QUEENSLAND, AUSTRALIA (WNCT) — Humpback whales in Queensland, Australia, use sandy, shallow bay areas for an exfoliating “spa day”, researchers at Griffith University have found.
Footage recorded between August 2021 and October 2022 shows humpback whales appearing to roll around in shallow waters, scratching their skin on the ocean floor in the process.
The whales were filmed during their southern migration to cooler waters.
Researchers at Griffith University, led by Dr Olaf Meynecke, tagged several humpback whales with CATS tags, which feature high-quality video recording.
Using data and footage collected from the tags, whales were observed performing full and side rolls in water up to 49 meters deep on the sea floor lined with fine sand or rubble.
“Humpback whales host diverse communities of skin bacteria that can pose a threat for open wounds if bacteria grow in large numbers,” Meynecke said, “Removing excess skin is likely a necessity to maintain a healthy bacterial skin community. Humpback whales can remove some barnacles and skin through surface activity such as breaches but not all.”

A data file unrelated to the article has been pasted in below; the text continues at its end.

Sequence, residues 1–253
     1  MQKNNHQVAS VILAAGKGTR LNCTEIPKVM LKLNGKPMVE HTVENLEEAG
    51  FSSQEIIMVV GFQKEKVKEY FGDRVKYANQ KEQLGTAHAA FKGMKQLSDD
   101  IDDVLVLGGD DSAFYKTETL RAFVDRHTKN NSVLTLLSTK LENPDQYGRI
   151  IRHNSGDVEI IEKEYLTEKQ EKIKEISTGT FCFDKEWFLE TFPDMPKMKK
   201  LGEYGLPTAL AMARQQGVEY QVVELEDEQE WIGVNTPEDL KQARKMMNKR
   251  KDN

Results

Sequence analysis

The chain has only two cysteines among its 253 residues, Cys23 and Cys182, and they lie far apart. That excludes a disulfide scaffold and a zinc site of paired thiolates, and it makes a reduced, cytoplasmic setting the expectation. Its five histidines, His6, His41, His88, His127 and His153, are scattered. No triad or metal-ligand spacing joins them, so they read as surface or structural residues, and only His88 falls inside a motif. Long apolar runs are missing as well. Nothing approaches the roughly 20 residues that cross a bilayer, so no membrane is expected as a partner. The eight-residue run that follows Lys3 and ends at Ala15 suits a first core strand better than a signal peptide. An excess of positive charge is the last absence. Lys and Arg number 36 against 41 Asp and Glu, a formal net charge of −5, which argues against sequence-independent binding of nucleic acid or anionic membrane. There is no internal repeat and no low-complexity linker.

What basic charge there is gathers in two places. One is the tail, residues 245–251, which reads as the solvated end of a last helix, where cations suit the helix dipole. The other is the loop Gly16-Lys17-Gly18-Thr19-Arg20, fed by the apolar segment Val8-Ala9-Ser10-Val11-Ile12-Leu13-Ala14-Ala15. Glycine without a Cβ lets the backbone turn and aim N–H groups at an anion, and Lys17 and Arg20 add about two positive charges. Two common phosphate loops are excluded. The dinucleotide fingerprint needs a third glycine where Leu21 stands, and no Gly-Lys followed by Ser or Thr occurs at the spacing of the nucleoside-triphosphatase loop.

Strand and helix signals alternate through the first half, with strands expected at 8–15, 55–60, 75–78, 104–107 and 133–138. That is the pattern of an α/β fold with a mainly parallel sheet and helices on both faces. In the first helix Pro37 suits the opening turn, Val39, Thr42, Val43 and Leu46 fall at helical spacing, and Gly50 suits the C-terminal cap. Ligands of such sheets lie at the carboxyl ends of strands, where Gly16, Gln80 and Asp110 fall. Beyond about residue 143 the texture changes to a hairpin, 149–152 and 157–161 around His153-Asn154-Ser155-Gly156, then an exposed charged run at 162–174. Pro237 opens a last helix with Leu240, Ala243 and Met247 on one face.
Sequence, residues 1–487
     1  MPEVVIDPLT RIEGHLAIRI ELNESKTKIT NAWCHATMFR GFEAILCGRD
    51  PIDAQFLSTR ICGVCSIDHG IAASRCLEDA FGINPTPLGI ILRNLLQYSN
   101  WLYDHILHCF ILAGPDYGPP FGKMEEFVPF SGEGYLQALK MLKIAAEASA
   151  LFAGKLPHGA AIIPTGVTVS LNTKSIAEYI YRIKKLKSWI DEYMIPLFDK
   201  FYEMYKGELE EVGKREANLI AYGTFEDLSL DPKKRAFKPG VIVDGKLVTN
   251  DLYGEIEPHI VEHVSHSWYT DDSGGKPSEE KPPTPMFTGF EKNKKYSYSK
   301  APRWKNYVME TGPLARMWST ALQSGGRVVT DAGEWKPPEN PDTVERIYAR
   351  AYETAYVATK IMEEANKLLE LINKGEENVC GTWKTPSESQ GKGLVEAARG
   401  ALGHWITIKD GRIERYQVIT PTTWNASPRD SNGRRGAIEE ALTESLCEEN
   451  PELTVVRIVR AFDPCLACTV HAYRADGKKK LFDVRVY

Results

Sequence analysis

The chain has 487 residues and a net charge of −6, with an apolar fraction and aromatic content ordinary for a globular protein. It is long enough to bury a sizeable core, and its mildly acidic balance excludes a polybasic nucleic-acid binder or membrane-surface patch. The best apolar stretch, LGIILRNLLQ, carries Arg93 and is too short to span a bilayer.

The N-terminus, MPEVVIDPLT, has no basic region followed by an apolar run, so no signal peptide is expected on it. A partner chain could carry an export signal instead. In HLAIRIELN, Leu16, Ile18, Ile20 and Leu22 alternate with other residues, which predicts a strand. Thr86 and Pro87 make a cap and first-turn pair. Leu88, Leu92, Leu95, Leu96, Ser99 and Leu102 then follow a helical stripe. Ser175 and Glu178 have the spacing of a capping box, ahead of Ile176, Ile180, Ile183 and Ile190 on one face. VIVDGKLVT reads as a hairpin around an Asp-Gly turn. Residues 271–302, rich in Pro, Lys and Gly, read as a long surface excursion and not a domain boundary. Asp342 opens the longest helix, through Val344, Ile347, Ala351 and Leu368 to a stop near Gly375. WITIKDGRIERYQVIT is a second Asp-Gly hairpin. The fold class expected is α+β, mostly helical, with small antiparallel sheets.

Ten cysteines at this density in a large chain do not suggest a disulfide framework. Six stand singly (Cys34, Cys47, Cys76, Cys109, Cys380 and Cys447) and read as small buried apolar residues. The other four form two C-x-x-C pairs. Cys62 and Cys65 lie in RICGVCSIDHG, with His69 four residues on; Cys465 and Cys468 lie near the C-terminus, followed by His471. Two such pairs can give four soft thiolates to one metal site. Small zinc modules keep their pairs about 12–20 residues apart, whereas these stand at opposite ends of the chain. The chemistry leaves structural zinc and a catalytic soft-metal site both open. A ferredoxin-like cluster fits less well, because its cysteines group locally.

Meynecke added that the rolling could also be part of the whales’ social behavior.“During the different deployments, the sand rolling was observed in the context of socialising. The behaviour was either following courtship, competition or other forms of socialising,” Meynecke said.
“So we believe that the whales exfoliate using the sand to assist with moulting and removal of ectoparasites such as barnacle and specifically select areas suitable for this behaviour,” he added.